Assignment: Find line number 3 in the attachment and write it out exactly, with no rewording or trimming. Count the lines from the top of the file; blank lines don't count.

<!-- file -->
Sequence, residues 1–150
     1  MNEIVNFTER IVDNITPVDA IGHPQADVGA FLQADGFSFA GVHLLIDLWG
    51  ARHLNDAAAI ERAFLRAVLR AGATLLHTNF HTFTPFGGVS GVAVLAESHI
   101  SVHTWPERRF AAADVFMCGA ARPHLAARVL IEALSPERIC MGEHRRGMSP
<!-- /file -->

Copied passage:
    51  ARHLNDAAAI ERAFLRAVLR AGATLLHTNF HTFTPFGGVS GVAVLAESHI